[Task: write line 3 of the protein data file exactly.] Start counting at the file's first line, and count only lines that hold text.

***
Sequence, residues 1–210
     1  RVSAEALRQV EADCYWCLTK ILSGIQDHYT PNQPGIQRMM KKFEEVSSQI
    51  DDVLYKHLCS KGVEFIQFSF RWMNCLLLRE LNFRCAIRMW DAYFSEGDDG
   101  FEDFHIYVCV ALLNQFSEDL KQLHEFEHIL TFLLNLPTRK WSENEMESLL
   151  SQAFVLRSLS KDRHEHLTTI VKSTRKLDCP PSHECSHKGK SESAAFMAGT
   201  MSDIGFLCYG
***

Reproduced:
    51  DDVLYKHLCS KGVEFIQFSF RWMNCLLLRE LNFRCAIRMW DAYFSEGDDG